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LTE: Why No CAFO Moratorium on Supervisor Agenda?

The Fairfield Ledger’s July 13 article covered JFAN’s request to Jefferson County supervisors to formally consider a moratorium resolution on new CAFOS by putting it on a board meeting agenda. Unfortunately, the article left out an important point that gives our request context.

The article quoted Supervisor Dick Reed saying that on March 27 the board decided not to move forward with the CAFO moratorium resolution.

That isn’t accurate, which I pointed out during the meeting.

Supervisor Dee Sandquist placed the moratorium resolution on the agenda of the March 27 meeting for the purpose of a “public discussion only.” A large number of people attended and spoke out in support of the county adopting a resolution. When I asked what the next steps would be, Mr. Reed said the supervisors would digest what was presented and agreed to place the resolution on a future meeting agenda.

When we later asked Supervisor Sandquist to place it back on the agenda, she requested we approach Supervisors Reed and Lee Dimmitt this time around.

However, in our numerous attempts to get the resolution addressed, we were stonewalled, forcing JFAN to present the petition and bring up the resolution during the public comment period on July 10. “And that’s why we’re here,” I reminded Mr. Reed. Mr. Reed didn’t dispute my correction, an important point that was omitted in the Ledger article.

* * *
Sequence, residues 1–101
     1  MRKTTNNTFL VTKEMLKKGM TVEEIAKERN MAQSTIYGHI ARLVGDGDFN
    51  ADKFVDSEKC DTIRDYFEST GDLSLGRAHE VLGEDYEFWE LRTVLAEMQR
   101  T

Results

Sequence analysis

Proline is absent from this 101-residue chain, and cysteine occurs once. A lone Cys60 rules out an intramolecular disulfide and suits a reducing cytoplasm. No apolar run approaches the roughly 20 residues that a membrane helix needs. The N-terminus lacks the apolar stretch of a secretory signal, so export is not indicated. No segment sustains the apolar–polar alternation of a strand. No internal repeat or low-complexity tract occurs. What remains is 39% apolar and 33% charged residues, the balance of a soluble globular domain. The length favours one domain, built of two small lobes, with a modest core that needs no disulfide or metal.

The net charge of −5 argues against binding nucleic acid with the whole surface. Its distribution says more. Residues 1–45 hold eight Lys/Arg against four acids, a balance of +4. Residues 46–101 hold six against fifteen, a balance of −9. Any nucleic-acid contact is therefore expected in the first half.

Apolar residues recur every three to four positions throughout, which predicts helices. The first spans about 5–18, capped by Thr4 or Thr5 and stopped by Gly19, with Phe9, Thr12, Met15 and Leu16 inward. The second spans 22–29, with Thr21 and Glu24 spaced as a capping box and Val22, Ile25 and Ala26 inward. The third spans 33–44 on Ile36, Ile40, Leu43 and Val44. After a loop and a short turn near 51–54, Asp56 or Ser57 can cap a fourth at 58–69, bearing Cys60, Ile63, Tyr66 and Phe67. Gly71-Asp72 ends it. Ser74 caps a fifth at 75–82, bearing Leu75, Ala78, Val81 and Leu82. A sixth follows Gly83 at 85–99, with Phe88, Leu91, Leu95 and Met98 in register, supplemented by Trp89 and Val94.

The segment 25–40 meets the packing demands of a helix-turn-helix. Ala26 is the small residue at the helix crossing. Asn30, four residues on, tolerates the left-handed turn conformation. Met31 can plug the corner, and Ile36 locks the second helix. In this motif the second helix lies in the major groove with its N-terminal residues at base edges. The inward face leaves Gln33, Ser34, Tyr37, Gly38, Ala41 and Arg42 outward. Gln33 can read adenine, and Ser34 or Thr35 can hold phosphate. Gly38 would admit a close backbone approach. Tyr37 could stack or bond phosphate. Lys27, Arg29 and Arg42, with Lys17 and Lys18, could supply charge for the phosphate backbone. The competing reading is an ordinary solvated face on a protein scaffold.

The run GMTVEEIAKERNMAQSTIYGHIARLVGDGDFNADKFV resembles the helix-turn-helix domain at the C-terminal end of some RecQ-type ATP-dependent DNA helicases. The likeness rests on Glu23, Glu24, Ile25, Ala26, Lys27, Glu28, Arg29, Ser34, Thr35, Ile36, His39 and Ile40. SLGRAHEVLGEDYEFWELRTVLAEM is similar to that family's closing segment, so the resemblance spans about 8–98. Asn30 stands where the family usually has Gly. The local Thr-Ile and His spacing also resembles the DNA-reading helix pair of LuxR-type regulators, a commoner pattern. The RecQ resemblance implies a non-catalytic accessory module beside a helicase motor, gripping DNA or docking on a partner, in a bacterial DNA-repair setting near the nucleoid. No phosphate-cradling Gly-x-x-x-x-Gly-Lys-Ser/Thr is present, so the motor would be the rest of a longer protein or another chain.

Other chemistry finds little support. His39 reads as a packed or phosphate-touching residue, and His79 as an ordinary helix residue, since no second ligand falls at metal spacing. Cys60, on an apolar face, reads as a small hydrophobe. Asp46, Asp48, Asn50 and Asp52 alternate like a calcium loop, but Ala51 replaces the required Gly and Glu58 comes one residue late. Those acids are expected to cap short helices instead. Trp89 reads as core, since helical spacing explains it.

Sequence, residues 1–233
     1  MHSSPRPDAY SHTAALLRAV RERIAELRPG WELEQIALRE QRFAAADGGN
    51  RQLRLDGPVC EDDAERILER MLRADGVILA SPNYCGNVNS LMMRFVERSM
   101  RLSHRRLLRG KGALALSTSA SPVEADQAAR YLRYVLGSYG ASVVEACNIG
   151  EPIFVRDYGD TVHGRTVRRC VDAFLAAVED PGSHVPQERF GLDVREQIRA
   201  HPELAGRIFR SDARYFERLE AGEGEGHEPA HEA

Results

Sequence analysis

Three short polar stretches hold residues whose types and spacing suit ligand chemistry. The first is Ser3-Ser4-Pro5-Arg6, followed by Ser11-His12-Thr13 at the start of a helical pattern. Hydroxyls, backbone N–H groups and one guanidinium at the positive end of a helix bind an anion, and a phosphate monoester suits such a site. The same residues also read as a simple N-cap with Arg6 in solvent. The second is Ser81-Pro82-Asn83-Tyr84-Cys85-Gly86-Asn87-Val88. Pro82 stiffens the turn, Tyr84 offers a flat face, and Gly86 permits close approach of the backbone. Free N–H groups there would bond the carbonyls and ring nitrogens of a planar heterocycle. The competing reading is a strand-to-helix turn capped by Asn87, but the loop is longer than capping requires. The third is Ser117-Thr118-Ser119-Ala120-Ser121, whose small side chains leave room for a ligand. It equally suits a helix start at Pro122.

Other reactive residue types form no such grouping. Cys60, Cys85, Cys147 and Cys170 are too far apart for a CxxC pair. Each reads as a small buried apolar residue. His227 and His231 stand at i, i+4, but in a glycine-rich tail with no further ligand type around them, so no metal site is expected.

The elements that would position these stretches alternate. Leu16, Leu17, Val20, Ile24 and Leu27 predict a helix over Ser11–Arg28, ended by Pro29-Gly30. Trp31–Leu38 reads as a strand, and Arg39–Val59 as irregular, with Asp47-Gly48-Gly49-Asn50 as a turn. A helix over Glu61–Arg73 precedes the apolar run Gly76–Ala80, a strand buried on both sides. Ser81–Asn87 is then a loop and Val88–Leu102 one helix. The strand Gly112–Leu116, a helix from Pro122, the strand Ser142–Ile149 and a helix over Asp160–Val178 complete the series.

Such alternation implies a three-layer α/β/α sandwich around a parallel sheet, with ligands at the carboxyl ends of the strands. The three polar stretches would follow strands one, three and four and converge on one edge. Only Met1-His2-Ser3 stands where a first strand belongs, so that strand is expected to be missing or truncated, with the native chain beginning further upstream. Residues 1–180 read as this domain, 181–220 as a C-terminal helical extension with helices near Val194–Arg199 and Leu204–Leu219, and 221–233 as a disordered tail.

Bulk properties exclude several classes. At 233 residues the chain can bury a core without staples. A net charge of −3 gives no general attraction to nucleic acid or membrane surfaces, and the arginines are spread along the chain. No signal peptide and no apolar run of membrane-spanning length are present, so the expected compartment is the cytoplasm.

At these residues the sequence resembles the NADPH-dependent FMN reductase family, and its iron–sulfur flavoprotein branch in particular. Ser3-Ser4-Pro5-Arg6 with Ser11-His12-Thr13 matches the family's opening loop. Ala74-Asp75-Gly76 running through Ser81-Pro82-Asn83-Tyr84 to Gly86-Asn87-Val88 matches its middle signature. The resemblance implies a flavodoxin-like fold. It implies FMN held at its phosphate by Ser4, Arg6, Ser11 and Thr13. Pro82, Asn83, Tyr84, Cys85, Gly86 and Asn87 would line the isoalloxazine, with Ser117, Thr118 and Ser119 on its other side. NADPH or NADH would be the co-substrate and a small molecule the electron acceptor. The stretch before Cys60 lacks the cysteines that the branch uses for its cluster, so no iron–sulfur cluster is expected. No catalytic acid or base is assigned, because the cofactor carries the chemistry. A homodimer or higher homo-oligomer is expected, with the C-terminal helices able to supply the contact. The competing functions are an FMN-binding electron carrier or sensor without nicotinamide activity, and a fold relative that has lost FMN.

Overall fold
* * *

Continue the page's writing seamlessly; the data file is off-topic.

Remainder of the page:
That this request to place the moratorium resolution back on the agenda – supported by over 1300 petition signatories and citizens who sent hundreds of postcards, wrote emails, made phone calls, and visited with supervisors – was refused is an affront to the democratic process of fair representation. Mr. Reed said he represents everyone in Jefferson County. Then why refuse?

Public discussion must not be limited to proposals the supervisors are inclined to support. The supervisors had every right to decide against a moratorium resolution after they gave it fair consideration and debate. But that never happened.

Supervisor John Beard, from Winneshiek County where a resolution was passed, recently wrote, “As I speak about our county’s resolution, I emphasize the oath of office I took as a Supervisor to protect the wealth and public health of the people of our county, and that the failings of the Master Matrix do not allow me to keep that pledge.”

When it comes to CAFOs, some of our Jefferson County supervisors don’t appear to feel the same.

Farming is the lifeblood of our country, the lifeblood of many Iowans. JFAN embraces a positive future with regenerative agriculture that does, as Supervisor Beard says, protect the wealth and public health of Iowans. We embrace putting more independent livestock farmers back on the land providing nutritious food at a living wage without harming our water and air quality. We will work with any organization or individuals to help make this a reality.

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